What if you wanted to send a message to someone, but you didn’t know what language they spoke? And what if you weren’t even sure if they knew anything about language?
What if you wanted the message to be from the entire earth – plants, animals, and all humans? What would you want to say?
What if you didn’t know if there was someone there to receive the message?
What if you sent the message into space?
Well, in 1977 this thing was launched into space on the Voyager space probe –
This message in a bottle has traveled a long way, just this past year Voyager traveled outside the domain of our solar system into interstellar space!
On the Voyager 1 and 2, NASA placed a kind of time capsule, intended to communicate a story of our world to extraterrestrials. The message is carried by a 12 inch gold=plated phonograph record and contains sounds and images selected to portray the diversity of life and culture on Earth.
Here’s a description of the golden record from NASA’s website –
The Voyager message is carried by a phonograph record-a 12-inch gold-plated copper disk containing sounds and images selected to portray the diversity of life and culture on Earth.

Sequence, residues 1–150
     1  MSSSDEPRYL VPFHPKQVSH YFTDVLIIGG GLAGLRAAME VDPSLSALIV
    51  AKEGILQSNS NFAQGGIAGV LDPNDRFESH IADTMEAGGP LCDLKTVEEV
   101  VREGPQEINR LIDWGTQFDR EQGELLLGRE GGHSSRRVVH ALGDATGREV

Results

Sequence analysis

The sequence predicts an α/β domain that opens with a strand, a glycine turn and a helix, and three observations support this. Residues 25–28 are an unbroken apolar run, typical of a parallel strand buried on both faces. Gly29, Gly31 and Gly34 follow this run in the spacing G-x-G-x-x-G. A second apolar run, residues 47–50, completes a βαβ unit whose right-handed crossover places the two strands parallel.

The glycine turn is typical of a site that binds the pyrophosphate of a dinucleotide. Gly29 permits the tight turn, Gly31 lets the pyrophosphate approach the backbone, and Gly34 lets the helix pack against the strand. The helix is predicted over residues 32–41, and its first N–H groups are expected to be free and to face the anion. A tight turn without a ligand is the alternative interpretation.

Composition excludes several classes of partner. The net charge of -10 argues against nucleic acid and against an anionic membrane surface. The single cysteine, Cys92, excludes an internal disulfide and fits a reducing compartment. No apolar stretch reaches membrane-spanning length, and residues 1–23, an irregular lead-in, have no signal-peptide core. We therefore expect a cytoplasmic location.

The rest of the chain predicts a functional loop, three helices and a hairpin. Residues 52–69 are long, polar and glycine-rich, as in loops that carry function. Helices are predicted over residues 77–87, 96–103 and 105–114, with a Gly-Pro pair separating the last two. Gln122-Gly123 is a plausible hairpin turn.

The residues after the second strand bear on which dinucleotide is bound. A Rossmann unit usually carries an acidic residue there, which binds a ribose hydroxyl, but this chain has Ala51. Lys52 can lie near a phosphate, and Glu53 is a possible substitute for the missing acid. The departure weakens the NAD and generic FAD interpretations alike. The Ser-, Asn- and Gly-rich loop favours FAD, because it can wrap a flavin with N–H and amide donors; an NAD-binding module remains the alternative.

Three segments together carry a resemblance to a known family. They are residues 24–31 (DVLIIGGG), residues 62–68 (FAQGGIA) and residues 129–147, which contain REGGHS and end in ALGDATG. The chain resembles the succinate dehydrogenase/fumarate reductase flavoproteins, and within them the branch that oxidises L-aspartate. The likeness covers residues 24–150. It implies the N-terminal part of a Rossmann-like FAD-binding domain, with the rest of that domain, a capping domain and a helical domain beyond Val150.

The contents of the record were selected for NASA by a committee chaired by Carl Sagan of Cornell University, et. al. Dr. Sagan and his associates assembled 115 images and a variety of natural sounds, such as those made by surf, wind and thunder, birds, whales, and other animals. To this they added musical selections from different cultures and eras, and spoken greetings from Earth-people in fifty-five languages, and printed messages from President Carter and U.N. Secretary General Waldheim. Each record is encased in a protective aluminum jacket, together with a cartridge and a needle. Instructions, in symbolic language, explain the origin of the spacecraft and indicate how the record is to be played. The 115 images are encoded in analog form. The remainder of the record is in audio, designed to be played at 16-2/3 revolutions per minute. It contains the spoken greetings, beginning with Akkadian, which was spoken in Sumer about six thousand years ago, and ending with Wu, a modern Chinese dialect. Following the section on the sounds of Earth, there is an eclectic 90-minute selection of music, including both Eastern and Western classics and a variety of ethnic music. Once the Voyager spacecraft leave the solar system (by 1990, both will be beyond the orbit of Pluto), they will find themselves in empty space. It will be forty thousand years before they make a close approach to any other planetary system. As Carl Sagan has noted, “The spacecraft will be encountered and the record played only if there are advanced spacefaring civilizations in interstellar space. But the launching of this bottle into the cosmic ocean says something very hopeful about life on this planet.”